He's known in Brussels and Berlin as an established expert. Now, Klaus Regling will be in charge of the 700 billion euros of the European Stability Mechanism.
Klaus Regling has never made a big deal out of his position in the past, and that's not likely to change now. The 61-year-old from Lübeck is not known for pithy comments. Rather, he's a sober, pragmatic worker known for his structured thinking. His motto: "There's no magic cure."
He brings with him almost 40 years of work experience. He began his career in the 1970s at the International Monetary Fund (IMF), where - among other things - he contributed to the debt restructuring of Morocco and Indonesia.
Later, at the German Finance Ministry, he made a significant contribution to the preparations for Germany's entrance into the common European currency - he's essentially been with the euro since its birth. In 2001, he moved to the European Commission in Brussels.
Regling currently heads the temporary EU bailout fund
Regling describes himself as a strong supporter of the European economic system. Even despite the apparently all-encompassing crisis in Greece, he continues to believe in the strict measures that have been taken.
"One reads frequently that the euro rescue strategy isn't working. But that's not so," he said. "In Ireland, it's worked very well. In Portugal, it's also working well."
Regling has chaired the European Financial Stability Facility (EFSF), which provides emergency funding to indebted eurozone countries, since 2010. With the creation of the European Stability Mechanism (ESM), intended as a long-term institution, he'll be taking the next step.
The fund is supposed to provide direct aid to banks, and buy the bonds of eurozone states in crisis. With his new post, Regling will also become more important to German Chancellor Angela Merkel in the fight against the debt crisis.
Man of principle
But it's not likely that Merkel will be able to count on the favors of her countryman. Regling is an official with principles, who doesn't bow down to heads of state or government administrations - including his own.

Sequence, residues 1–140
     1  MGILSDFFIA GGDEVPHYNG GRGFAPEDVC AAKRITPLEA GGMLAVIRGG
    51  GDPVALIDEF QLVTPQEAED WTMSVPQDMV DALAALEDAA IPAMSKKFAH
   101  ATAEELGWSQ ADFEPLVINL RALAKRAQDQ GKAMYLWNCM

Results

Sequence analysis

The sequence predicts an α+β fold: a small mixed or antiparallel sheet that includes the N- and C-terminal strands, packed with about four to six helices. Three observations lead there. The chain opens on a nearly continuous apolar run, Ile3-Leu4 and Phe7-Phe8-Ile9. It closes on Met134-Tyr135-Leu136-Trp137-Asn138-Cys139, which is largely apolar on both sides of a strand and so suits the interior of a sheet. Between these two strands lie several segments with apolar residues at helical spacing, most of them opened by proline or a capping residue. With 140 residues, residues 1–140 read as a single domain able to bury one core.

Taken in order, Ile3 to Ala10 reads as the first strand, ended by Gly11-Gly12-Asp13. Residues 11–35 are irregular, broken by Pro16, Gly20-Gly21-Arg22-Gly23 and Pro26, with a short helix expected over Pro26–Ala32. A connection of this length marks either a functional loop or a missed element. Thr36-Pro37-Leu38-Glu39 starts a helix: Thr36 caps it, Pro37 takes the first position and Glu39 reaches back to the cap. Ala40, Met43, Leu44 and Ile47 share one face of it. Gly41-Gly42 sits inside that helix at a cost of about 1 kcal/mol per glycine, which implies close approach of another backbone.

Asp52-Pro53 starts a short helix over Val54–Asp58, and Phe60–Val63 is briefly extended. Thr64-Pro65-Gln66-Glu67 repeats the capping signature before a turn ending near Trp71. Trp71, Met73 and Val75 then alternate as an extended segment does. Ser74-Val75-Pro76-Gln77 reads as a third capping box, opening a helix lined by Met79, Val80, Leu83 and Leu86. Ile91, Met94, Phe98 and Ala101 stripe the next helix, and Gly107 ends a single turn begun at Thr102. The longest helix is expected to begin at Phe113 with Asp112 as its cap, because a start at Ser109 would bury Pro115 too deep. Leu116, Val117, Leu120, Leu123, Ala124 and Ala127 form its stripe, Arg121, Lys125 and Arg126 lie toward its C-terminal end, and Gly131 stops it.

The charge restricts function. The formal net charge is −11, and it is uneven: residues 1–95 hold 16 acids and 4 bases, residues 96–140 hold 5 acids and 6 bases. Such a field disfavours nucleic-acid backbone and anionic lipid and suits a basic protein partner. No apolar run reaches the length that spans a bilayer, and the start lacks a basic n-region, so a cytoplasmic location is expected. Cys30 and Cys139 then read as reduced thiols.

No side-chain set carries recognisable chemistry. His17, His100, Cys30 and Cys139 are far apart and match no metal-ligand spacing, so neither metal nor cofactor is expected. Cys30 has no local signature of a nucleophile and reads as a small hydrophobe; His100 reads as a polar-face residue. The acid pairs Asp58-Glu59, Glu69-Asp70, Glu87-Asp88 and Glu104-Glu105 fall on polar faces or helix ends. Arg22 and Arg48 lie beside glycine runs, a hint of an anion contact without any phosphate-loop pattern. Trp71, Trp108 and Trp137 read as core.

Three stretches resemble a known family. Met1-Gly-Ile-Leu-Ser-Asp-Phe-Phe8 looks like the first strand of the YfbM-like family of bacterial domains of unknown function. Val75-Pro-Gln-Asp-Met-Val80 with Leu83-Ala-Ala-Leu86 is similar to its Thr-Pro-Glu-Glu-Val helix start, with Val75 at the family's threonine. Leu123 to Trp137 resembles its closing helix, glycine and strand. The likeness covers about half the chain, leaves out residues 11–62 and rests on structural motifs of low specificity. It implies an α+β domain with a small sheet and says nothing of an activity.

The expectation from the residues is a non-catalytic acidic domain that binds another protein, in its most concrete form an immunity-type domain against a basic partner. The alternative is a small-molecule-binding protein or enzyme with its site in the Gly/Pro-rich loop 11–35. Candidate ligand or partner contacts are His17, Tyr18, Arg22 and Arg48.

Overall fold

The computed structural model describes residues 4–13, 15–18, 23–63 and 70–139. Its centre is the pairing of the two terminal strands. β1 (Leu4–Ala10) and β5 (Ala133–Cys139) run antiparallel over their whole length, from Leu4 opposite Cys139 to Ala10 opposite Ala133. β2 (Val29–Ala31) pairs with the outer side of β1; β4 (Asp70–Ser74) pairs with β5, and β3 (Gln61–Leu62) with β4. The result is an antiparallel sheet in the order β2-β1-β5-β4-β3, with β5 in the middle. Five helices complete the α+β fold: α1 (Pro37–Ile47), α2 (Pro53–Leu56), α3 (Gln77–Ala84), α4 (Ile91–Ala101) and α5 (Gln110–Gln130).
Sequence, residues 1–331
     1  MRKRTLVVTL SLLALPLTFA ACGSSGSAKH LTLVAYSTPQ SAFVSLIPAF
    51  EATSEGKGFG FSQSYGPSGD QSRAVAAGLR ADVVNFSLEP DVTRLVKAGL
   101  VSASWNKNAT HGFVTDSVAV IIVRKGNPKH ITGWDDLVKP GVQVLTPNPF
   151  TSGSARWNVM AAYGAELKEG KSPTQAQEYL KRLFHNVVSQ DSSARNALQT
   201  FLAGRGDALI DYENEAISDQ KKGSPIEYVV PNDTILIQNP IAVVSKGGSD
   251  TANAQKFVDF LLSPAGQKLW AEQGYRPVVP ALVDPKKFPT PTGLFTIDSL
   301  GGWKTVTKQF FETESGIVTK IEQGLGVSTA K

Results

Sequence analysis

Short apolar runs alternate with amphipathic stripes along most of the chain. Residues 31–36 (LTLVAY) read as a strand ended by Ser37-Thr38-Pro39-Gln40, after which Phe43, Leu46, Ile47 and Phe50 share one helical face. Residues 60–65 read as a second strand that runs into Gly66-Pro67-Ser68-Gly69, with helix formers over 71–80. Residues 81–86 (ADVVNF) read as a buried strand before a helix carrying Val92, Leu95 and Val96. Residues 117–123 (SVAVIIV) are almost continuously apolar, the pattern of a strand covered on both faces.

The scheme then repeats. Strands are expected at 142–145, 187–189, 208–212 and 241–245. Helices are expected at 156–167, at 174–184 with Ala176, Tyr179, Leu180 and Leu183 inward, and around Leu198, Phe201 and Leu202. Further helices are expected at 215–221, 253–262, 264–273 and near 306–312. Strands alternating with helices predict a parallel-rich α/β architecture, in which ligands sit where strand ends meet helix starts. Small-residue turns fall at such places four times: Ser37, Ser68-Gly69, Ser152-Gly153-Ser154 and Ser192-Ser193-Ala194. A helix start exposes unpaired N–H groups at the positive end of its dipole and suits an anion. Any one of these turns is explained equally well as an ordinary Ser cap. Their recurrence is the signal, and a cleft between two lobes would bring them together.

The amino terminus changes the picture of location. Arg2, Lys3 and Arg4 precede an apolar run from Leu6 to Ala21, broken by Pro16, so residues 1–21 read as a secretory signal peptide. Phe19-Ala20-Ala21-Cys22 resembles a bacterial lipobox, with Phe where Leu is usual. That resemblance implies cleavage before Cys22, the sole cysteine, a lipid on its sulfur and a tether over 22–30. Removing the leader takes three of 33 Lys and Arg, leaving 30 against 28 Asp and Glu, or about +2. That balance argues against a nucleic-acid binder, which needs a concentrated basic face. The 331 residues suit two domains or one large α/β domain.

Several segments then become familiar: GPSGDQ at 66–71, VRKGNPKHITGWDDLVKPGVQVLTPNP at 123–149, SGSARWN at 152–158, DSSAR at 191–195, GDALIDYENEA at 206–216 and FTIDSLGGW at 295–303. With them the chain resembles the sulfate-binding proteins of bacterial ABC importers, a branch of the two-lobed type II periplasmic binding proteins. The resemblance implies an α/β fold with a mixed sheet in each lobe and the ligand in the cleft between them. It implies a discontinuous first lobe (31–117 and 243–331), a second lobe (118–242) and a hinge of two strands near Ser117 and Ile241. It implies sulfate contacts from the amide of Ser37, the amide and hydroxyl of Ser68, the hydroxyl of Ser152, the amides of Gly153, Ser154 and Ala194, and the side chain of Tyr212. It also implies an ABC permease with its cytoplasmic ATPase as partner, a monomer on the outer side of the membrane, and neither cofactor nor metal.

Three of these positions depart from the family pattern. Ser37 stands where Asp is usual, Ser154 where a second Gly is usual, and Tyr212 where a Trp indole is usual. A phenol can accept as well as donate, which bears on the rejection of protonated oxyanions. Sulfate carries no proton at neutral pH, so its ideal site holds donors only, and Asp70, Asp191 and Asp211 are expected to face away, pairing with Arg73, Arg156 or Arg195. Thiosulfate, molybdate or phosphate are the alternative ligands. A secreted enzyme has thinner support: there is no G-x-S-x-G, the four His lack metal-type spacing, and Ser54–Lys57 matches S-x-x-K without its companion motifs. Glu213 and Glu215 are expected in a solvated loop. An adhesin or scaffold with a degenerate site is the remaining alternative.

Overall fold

He demonstrated this during his time with the Commission in Brussels. There, he acted as general director of the excessive deficit procedure against Germany under Financial Commissioner Pedro Solbes - taking on then-Chancellor Gerhard Schröder.
The economist is appreciated for his pragmatic approach
Familiar with both sides
Apart from the "shark tank" of politics, he's also familiar with the world of investors. From 1999 to 2001, he worked in London for the Moore Capital Strategy Group, one of the world's largest hedge funds.
In 2008, after his time with the Commission, he founded his own economic and financial consultancy. Then came the offer from the EFSF.
Despite having to overcome certain difficulties during his time with the IMF and European Commission, he sees his new role as a special challenge.
"When I look back over the two years, the upcoming task definitely seems the most difficult to date. We've got a crisis in the eurozone, and it's lasted longer than the two years the EFSF has existed," Regling said.
With the ESM, his workload is likely to increase significantly. But first, the member states will have to ratify the long-term bailout mechanism. That's something the German courts are still busy with. Until then, Regling "only" heads the EFSF.
Author: Ole Kämper / sad
Editor: Martin Kuebler